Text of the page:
SECO-LARM strikes

SECO-LARM makes several models of no-cut and surface-mounted electric strikes.

The SD-995C-D3Q is field-selectable for fail-safe or fail-secure operation. It can be used with virtually any cylindrical door locking system and an optional digital keypad for keyless high security. This no-cut electric strike has a reversible nonhanded design that fits either right- or left-handed doors. Its shallow design is suited for use with most metal doors and office-type applications.

The SD-998C series of surface-mounted strikes are designed for use with rim exit devices that have either a one-half inch (SD-998C-D3AQ) or three-fourths of an inch (SD-998C-D3Q) Pullman latchbolt throw. The strikes feature 12/24 VDC operating voltage, selectable fail-safe or fail-secure operation and horizontal adjustment. They can be mounted on metal or wood frames and work with standard rim-type exit devices.

More info:

Trine 4800 Series

The Trine 4800 Series of surface-mounted strikes have built-in electronics (except for the 4850 PoE or LCD models), space plates and the company’s anchoring system. The anchoring system is aimed at ensuring secure installations by preventing the strike from shifting on the frame.

The 4800F is a 3-hour fire-rated version for use on exit devices that have a throw of three-fourths of an inch up to 1 inch. Although this model can be used fail-safe or fail-secure, as with all electric strikes, it isn’t fire-rated in fail-safe mode. This model has static strength of 3,000 pounds and can last 1.5 million cycles.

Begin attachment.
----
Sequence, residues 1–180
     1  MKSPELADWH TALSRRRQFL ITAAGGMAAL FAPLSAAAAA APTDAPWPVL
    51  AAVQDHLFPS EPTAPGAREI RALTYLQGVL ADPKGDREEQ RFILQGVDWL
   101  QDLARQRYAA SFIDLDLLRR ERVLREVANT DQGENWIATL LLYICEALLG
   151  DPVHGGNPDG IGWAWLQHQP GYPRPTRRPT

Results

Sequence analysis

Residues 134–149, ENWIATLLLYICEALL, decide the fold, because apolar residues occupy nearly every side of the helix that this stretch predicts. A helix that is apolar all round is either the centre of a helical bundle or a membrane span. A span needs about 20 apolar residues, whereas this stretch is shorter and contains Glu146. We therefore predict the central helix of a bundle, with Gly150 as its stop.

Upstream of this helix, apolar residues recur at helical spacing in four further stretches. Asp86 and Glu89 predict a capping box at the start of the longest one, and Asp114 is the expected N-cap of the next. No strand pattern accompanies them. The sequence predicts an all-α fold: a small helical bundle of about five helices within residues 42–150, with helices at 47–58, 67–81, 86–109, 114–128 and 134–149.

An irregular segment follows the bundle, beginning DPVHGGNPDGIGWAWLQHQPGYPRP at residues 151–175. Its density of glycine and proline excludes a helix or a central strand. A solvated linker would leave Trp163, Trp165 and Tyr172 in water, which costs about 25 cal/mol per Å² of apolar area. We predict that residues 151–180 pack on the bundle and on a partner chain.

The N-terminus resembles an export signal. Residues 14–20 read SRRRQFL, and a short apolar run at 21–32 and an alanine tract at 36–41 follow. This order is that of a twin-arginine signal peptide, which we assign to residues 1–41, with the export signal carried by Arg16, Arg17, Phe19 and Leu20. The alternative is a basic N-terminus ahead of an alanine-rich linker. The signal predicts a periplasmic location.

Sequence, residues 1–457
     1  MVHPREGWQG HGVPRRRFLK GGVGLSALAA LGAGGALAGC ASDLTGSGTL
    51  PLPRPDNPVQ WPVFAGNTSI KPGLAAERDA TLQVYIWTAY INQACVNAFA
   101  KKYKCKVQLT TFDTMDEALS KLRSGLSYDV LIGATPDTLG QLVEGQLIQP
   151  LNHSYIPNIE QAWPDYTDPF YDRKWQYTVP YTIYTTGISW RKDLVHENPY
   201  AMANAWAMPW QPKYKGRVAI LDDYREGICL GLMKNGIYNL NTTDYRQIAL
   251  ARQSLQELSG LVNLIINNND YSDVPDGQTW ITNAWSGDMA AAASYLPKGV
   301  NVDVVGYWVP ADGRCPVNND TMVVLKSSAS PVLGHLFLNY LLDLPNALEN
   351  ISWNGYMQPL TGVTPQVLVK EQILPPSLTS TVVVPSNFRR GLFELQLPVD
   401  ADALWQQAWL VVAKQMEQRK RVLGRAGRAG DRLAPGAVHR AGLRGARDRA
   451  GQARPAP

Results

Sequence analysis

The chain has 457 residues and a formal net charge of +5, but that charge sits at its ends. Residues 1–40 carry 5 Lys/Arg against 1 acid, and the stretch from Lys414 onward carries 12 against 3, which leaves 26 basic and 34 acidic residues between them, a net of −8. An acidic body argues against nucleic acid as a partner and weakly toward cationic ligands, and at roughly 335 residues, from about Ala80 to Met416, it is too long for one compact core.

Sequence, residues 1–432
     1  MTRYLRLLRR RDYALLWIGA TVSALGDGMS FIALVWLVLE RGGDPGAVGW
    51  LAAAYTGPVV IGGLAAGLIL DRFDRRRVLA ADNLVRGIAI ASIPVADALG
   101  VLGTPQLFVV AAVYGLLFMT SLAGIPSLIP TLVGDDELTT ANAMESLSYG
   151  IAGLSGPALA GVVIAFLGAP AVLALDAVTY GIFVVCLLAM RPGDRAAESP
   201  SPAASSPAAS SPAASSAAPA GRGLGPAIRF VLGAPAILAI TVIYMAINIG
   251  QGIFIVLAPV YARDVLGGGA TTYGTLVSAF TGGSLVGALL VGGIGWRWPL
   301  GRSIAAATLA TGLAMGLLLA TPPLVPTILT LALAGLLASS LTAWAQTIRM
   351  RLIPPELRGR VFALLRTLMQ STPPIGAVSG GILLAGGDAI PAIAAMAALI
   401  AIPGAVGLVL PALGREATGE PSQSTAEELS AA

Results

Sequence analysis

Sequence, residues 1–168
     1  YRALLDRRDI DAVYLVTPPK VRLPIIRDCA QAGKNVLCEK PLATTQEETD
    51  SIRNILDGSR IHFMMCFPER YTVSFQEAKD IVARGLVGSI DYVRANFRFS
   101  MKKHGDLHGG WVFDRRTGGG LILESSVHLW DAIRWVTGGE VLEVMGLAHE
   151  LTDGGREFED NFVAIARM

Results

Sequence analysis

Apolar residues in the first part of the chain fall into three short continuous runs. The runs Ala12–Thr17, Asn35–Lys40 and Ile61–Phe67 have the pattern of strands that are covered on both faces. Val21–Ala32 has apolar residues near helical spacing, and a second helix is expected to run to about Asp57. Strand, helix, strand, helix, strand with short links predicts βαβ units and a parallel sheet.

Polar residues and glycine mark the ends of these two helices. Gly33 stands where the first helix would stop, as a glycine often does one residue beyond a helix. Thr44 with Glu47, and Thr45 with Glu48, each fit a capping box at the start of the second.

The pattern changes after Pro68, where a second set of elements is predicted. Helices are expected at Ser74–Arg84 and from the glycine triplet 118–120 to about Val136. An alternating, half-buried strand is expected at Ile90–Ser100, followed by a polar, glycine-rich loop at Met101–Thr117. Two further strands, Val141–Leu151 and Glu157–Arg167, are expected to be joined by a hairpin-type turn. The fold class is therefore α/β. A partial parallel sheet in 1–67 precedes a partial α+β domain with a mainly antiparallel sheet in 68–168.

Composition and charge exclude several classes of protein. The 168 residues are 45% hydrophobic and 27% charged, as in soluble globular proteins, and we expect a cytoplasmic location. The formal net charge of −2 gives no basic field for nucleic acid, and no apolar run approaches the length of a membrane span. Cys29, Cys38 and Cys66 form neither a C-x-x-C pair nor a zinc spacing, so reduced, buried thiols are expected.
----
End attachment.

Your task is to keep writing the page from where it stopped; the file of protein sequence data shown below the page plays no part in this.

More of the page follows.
More info:

Locknetics NC Series 450

The Locknetics NC Series 450 can convert cylindrical locksets into an electronic access-controlled locking system. No cutting on the frame is required. Simply adjust the vertical-alignment feature to the latch bolt centerline and install.

This low-profile electric strike is field-selectable fail-safe or fail-secure with a simple and easy screw reversal. (Fail-secure is the default setting.) Two face plates are included: radius and square edge stainless steel.

More info:

HES no-cut strikes

ASSA ABLOY brand HES has several models of no-cut or surface-mounted electric strikes.

The 8000, 8300 and 8500 series are compact, high-performance electric strikes that feature a unique concealed design. The 8000 and 8300 are for use with cylindrical locksets. The 8500 is aimed at mortise locks that don’t have a deadbolt.

No cutting on the frame is required with either series. Simply remove the existing strike plate, adjust the vertical-alignment feature to the latchbolt centerline and install. The strength of each series of strike is derived from a unique keeper pin locking design. The 8300 and 8500 are fired-rated for retrofitting into fire-rated frames.

The 8000 and 8300 accommodate latchbolts that have a throw of up to five-eighths of an inch. The 8500 accommodates latchbolts that have a throw of up to three-fourths of an inch.

More info:

Tim O’Leary is an experienced security consultant and a regular contributor to Locksmith Ledger.